I hope that’s not where he’s getting it from. In that patent the coprocessor is on-chip. You can consider the TMU a coprocessor too. It has nothing to do with add in boards.

Talk about clickbait for real.
 

Snowdog

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I hope that’s not where he’s getting it from. In that patent the coprocessor is on-chip. You can consider the TMU a coprocessor too. It has nothing to do with add in boards.
I am not sitting through his clickbait to find out, but from other discussions I read about this video, he seems to think BVH traversal is currently done in software, when NVidia white paper makes it explicit that it's done on the RT cores. So he doesn't even know what is currently done, and seems to assume that a BVH traversal in HW is a new thing...
 

AceGoober

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If nVidia does make this a reality then it would be a boon, especially for me since RT doesn't interest me.
 

Zarathustra[H]

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Then you should quit gaming...because the future entails more and more raytracing...
I have mixed emotions on this.

First gen raytracing is kind of meh.

Unless you were looking at the raster version and the raytracing version side by side it was difficult to tell the difference.

I'm all for improvements in quality, but the performance hit for that minor quality improvement just didn't make it worth it to me. I'd rather use higher resolution.

Now, the rumor is that this traversal coprocessor design reduces the performance impact. If that is the case, I might take it.

I still don't feel like real time raytracing is the "wow" technology Nvidia seems to think it is, though.
 
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Zarathustra[H]

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Personally, I would much rather thave GPUs get into some serious frame rate amplification tech than more ray tracing tech. We see a little bit of that with DLSS2.0 and with Occulus' new tech. But I would be great to be able to put out 240fps with a load like it was 60fps now.
https://blurbusters.com/frame-rate-...es-frat-more-frame-rate-with-better-graphics/
I know there are differing opinions on the usefulness of crazy high framerates, but come on. Haven't we beaten this one to death yet? Surely there is very little if any difference at all beyond - say - 165hz?

I wouldn't mind being able to reliably get 4k ultra up to 120hz though.
 

MangoSeed

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Personally, I would much rather thave GPUs get into some serious frame rate amplification tech than more ray tracing tech. We see a little bit of that with DLSS2.0 and with Occulus' new tech. But I would be great to be able to put out 240fps with a load like it was 60fps now.
https://blurbusters.com/frame-rate-...es-frat-more-frame-rate-with-better-graphics/
You can just lower resolution or settings to get higher fps if that's your priority. There's no switch we can flip to get better IQ.
 

Axman

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Surely there is very little if any difference at all beyond - say - 165hz?
Human vision doesn't go much past 30Hz, actually. You can still see tearing, obviously, but if you can do v-sync at 60Hz there's no benefit, no.
 

Zarathustra[H]

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Human vision doesn't go much past 30Hz, actually. You can still see tearing, obviously, but if you can do v-sync at 60Hz there's no benefit, no.
I used to believe this, but I have been convinced otherwise over the years.

It's not that I SEE much of a difference. I can watch others game at 60hz and it looks the same as much higher framerate to me. Mouse motion does feel smoother to me up to about 90-100hz somewhere. I personally wouldn't bother with anything above 120hz, but to each their own I guess.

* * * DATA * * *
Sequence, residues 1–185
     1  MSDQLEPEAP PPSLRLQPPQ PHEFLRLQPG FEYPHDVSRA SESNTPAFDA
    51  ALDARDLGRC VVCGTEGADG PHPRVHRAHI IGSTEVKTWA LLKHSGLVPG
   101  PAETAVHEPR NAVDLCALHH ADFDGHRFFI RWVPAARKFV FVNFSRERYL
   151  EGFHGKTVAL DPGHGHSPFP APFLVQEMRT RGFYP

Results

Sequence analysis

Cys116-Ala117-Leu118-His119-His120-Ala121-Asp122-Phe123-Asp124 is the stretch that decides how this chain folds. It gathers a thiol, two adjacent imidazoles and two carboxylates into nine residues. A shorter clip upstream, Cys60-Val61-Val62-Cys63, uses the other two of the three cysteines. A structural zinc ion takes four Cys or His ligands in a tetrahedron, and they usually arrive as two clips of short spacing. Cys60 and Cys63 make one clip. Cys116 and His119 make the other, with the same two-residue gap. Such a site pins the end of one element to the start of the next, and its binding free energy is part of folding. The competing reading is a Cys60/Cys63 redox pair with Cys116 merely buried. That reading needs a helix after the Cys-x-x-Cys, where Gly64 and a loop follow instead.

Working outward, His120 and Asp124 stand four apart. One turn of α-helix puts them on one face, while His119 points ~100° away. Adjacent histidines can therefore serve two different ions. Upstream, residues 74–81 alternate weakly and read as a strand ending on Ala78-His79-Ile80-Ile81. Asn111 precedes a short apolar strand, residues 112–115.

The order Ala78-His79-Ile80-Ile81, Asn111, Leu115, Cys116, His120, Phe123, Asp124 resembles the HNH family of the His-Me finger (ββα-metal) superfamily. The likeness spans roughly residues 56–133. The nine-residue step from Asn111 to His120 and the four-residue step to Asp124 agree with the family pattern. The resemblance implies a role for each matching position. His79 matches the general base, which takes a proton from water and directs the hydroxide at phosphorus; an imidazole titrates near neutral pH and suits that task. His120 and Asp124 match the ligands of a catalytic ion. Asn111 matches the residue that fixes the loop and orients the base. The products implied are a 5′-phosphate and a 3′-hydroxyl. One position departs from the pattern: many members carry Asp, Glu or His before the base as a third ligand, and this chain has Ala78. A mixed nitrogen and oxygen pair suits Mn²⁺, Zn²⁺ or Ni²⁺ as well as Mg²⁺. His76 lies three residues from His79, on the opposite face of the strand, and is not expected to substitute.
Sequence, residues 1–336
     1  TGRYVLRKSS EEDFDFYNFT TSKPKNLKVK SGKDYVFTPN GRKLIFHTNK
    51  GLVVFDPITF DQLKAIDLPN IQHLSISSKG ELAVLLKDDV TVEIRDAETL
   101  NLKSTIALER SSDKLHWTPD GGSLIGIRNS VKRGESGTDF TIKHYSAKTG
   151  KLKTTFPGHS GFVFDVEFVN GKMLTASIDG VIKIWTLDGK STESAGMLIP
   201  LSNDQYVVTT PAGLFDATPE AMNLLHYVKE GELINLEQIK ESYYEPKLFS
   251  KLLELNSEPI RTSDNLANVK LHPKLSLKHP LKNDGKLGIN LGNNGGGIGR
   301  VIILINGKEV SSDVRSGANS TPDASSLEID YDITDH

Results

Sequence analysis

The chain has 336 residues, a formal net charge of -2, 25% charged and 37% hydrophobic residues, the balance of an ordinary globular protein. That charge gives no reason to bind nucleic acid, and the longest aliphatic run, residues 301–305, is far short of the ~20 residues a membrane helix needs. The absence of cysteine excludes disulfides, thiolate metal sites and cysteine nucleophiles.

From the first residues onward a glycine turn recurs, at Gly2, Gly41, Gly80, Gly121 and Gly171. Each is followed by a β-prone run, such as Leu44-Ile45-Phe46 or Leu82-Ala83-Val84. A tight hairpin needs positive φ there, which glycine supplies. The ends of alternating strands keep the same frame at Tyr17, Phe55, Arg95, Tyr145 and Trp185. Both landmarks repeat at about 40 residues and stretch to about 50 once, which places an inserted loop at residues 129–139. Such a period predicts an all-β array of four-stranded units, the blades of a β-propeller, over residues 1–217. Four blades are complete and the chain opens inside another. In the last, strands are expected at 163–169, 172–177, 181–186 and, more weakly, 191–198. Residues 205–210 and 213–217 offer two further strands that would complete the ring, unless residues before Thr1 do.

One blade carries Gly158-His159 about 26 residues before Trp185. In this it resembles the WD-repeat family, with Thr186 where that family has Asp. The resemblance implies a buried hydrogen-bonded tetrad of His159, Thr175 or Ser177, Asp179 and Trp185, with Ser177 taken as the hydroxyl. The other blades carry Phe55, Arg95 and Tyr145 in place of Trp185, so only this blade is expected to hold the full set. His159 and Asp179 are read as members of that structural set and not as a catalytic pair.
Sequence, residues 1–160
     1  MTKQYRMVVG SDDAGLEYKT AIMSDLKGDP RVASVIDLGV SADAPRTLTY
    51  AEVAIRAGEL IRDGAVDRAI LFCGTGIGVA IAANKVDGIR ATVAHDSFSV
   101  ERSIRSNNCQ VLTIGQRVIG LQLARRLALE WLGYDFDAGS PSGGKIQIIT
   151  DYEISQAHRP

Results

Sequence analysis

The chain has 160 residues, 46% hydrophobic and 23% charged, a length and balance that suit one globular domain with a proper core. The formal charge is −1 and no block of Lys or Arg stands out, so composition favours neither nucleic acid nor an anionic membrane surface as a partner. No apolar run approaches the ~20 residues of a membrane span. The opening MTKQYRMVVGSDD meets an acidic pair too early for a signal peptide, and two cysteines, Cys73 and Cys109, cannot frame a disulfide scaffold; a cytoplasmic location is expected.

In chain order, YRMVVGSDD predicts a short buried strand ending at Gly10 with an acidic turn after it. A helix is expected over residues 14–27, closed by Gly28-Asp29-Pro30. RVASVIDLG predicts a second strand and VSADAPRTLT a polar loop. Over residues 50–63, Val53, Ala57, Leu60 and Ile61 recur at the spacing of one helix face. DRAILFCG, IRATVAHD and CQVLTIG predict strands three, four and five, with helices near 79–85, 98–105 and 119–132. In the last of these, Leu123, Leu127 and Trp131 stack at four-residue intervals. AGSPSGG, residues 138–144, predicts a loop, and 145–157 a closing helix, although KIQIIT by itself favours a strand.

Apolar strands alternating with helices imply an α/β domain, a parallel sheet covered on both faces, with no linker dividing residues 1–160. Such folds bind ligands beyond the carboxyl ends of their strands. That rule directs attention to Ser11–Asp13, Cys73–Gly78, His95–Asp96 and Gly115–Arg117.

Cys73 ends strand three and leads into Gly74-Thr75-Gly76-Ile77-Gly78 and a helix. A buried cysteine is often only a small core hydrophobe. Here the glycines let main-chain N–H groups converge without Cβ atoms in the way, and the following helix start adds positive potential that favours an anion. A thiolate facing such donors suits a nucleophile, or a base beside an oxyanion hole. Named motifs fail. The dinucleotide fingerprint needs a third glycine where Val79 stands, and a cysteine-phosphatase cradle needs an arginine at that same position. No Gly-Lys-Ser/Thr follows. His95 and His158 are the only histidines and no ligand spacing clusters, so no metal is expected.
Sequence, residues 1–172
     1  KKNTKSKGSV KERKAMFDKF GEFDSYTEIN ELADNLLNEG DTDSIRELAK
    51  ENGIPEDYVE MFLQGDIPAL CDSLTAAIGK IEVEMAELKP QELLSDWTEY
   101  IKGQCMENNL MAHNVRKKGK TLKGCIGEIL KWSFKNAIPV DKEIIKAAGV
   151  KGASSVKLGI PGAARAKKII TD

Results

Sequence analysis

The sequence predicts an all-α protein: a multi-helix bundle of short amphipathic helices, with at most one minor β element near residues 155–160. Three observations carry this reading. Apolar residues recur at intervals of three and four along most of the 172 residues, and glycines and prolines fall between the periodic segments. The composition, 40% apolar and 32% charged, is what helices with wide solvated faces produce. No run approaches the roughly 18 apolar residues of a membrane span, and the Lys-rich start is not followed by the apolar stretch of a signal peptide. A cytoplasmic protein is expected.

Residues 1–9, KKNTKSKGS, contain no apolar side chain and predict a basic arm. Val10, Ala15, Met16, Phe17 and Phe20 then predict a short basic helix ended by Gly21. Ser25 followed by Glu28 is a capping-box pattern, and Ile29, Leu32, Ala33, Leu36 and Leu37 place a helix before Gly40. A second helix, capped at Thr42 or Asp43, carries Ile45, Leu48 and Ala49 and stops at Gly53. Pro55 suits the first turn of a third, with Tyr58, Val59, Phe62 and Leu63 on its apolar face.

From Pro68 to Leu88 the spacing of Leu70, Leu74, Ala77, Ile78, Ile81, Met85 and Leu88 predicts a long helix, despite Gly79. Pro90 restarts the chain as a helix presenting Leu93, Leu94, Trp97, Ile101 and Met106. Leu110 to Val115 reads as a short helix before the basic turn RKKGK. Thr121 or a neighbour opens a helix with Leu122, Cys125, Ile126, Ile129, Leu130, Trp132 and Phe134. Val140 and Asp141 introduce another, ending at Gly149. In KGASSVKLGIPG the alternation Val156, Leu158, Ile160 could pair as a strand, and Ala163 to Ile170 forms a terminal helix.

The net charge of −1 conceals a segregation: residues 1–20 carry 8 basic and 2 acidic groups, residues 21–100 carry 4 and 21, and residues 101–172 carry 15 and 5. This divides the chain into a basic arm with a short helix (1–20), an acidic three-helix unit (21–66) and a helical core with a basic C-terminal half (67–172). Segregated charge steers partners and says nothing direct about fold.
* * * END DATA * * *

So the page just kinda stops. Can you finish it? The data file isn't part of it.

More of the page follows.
This is in typical FPS games.

There are corner cases where the framerate differences are more noticible, like in that UFO test, but in actual games I find the difference in going from 60hz to 90hz to be relatively small, and the difference in going from 90hz to anything above 90hz (up to he max of my screen, 120hz) to be unnoticible.
 

Axman

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I think the difference between 60Hz with v-sync and 90 or 120Hz with v-sync is that you're more likely to notice frame drops, lagging, and other instances where the refresh rate dips.

I actually talked to this with a brain and vision specialist and there are times when your eyeballs see something above 30Hz and the information gets overlaid with other information (persistence of vision-style) but the chemistry and physics of brains and vision doesn't really keep up with super-high frame rates.

The persistence of vision effect may trick your eyes into seeing more smooth motion, but that's nothing that couldn't be achieved with other effects like motion blur at a lower refresh rate.

Same thing goes for super high resolution; at some point (and it's below 8K I'm sure) at distance you can't make out individual pixels.
 

Zarathustra[H]

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I think the difference between 60Hz with v-sync and 90 or 120Hz with v-sync is that you're more likely to notice frame drops, lagging, and other instances where the refresh rate dips.

I actually talked to this with a brain and vision specialist and there are times when your eyeballs see something above 30Hz and the information gets overlaid with other information (persistence of vision-style) but the chemistry and physics of brains and vision doesn't really keep up with super-high frame rates.

The persistence of vision effect may trick your eyes into seeing more smooth motion, but that's nothing that couldn't be achieved with other effects like motion blur at a lower refresh rate.

Same thing goes for super high resolution; at some point (and it's below 8K I'm sure) at distance you can't make out individual pixels.
I'd agree with your comments regarding V-Sync, but various forms of adaptive refresh have been on the market for almost a decade now, which not only eliminate tearing, but also reduce input lag, by displaying a rendered frame as soon as it is available.

Anyone who enjoys games in 2020 really ought to have a G-Sync or FreeSync screen.